Thanks to the court’s self-flagellation, the Cruz proposal cannot be treated as mere pandering to his right-leaning base. Public respect for the judiciary is near a 15-year low, and allegations by the Justices that their own colleagues do not respect the rule of law cannot help. Those who want to see the Court regain its lost institutional legitimacy can only hope that the Justices recognize the damage that comes from their public dysfunction, and collectively work to repair it.

Jordan M. Singer

Recent Supreme Court Term: King v. Burwell

“The issue in this case is whether the Act’s [the Affordable Care Act] tax credits are available in States that have a Federal Exchange rather than a State Exchange.” King v. Burwell, 576 U.S. __ (2015) (p. 5). The Affordable Care Act (ACA) requires each state to create its own health insurance Exchange, however, if a state refuses to do so, then the Secretary of Health and Human Services (HHS) is authorized to “establish and operate such Exchange within the State.” Sec. 18041(c)(1).” (p. 5). Only sixteen States and the District of Columbia created their own Exchanges, while thirty-four States utilize the federal Exchange administered by the Department of Health and Human Services. (p. 6).

The tax credits, which are authorized by IRC sec. 36B, are allowed to “applicable taxpayers” who obtain health insurance through “an Exchange established by the State under section 1311 of the Patient Protection and Affordable Care act….” (p. 5). The IRS addressed the availability of tax credits to individuals acquiring health insurance through an HHS Exchange by adopting the definition of “Exchange” as used in an HHS regulation, 45 CFR sec. 155.20, which provided that taxpayers are eligible for a tax credit if they are enrolled in an Exchange which serves the individual market, “regardless of whether the Exchange is established and operated by a State… or by HHS….” (p. 6).

In prior proceedings, the U.S. District Court for the Eastern District of Virginia granted the Defendants’ Motion to Dismiss, 997 F.Supp.2d 415 (2014), and the District Court judgment was affirmed by the U.S. Court of Appeals for the 4th Circuit, 759 F.3d 358 (2014).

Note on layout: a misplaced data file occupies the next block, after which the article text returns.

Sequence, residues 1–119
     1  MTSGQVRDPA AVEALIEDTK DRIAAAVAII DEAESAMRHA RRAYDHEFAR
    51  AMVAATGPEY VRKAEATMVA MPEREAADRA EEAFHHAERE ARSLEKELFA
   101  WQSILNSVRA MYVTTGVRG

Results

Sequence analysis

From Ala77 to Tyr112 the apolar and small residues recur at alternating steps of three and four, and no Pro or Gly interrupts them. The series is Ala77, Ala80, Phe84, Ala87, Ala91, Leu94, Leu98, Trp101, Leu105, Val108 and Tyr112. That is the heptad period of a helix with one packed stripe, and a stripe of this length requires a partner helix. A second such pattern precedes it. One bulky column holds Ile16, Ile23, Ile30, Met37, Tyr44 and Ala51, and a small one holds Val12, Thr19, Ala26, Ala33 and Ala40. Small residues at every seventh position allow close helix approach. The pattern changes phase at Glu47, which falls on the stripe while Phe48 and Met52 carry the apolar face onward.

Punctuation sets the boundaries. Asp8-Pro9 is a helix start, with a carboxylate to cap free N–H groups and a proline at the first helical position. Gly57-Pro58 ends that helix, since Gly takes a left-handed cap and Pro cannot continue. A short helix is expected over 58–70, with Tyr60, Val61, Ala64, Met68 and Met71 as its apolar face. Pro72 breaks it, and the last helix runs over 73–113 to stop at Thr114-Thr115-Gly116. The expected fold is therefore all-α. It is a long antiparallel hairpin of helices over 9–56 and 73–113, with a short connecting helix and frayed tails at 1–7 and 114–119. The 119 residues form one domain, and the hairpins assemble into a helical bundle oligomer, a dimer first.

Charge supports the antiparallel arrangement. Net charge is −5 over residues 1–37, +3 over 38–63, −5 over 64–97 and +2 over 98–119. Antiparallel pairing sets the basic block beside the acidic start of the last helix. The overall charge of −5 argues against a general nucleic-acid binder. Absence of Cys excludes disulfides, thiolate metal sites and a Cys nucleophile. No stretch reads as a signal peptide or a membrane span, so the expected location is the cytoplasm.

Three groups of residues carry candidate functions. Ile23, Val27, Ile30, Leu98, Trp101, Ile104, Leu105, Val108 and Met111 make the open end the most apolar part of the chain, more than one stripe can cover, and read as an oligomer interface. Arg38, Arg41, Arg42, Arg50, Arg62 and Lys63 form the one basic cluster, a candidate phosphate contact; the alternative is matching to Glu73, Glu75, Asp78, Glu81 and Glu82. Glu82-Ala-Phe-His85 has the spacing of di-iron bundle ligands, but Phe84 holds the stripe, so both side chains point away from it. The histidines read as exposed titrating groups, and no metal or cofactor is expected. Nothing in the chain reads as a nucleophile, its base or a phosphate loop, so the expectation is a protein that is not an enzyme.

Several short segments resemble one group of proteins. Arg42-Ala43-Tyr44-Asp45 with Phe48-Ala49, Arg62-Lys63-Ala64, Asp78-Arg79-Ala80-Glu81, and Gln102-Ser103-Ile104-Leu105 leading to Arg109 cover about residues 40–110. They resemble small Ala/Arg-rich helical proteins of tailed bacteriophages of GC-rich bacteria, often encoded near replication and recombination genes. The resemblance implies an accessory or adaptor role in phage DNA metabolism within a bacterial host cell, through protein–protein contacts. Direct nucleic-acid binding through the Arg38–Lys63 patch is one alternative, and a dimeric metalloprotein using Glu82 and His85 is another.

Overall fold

Justice Roberts, who was joined by Justices Kennedy, Ginsberg, Breyer, Sotomayor, and Kagan, wrote the majority opinion, and held that tax credits for health insurance under IRC sec. 36B applied to individuals acquiring coverage on federal health insurance exchanges under the Affordable Care Act (ACA), even though sec. 36B states that the credits apply to insurance plans that are enrolled in through “an Exchange established by the State under [42 U.S.C. sec. 18031].” Justice Roberts’ reasoning was based on the ambiguity reflected in sec. 36B when it was interpreted in connection with other provisions of the ACA, and the manner in which those ambiguities were either consistent or inconsistent with Congress’ intent that the ACA expand health care coverage, and lower the cost of health insurance as a means of facilitating that expansion of coverage. The Congressional intent to expand health insurance coverage through the ACA would have been undermined if the sec. 36B tax credits were not applicable to individuals enrolled in health insurance plans through the federal exchanges.

Justice Roberts discussed the history of health reform in the United States and how states which instituted guaranteed issue, which required insurers to cover persons regardless of health status, and community rating, which restricted insurers from taking health status into account in setting premiums, ultimately led to “adverse selection,” which occurred when a person would only seek insurance once they became sick or in need of health care coverage. Because insurers were required to cover persons regardless of health status and could not take health status into account in setting premiums for specific insureds, they were forced to raise rates for all insureds in order to account for the higher health costs, increasing the cost of coverage and reducing the numbers of individuals who could afford coverage. Justice Roberts wrote that “This led to an economic “death spiral.” As premiums rose higher and higher, and the number of people buying insurance sank lower and lower, insurers began to leave the market entirely.” (p. 2).

Congress, relying on the Massachusetts health reform effort in 2006, included in the ACA a guaranteed issue and community rating component, but also included an individual mandate requiring most individuals to maintain health insurance coverage (either employer-provided, private coverage, or government-subsidized coverage), or pay a penalty. For individuals whose household income is between 100% and 400% of the federal poverty level income amount, they are eligible for a tax credit pursuant to IRC sec. 36B. The tax credit lowers the cost of health insurance for working class and middle class taxpayers, while the mandate brings into the health insurance pool more young and healthy persons (who would otherwise not obtain coverage) whose premiums subsidize the cost of coverage for sick and older persons under the ACA. ( p.4).

Justice Roberts, in discussing Congress’ awareness of the necessity of the individual mandate and the tax credit to the reform effort, writes: “These three reforms are closely intertwined. As noted, Congress found that the guaranteed issue and community rating requirements would not work without the coverage requirement. Sec. 18091(2)(I). And the coverage requirement would not work without the tax credits. “The reason is that, without the tax credits, the cost of buying insurance would exceed eight percent of income for a large number of individuals, which would exempt them from the coverage requirement. Given the relationship between these three reforms, the Act provided that they should take effect on the same day—January 1, 2014….” (p. 5).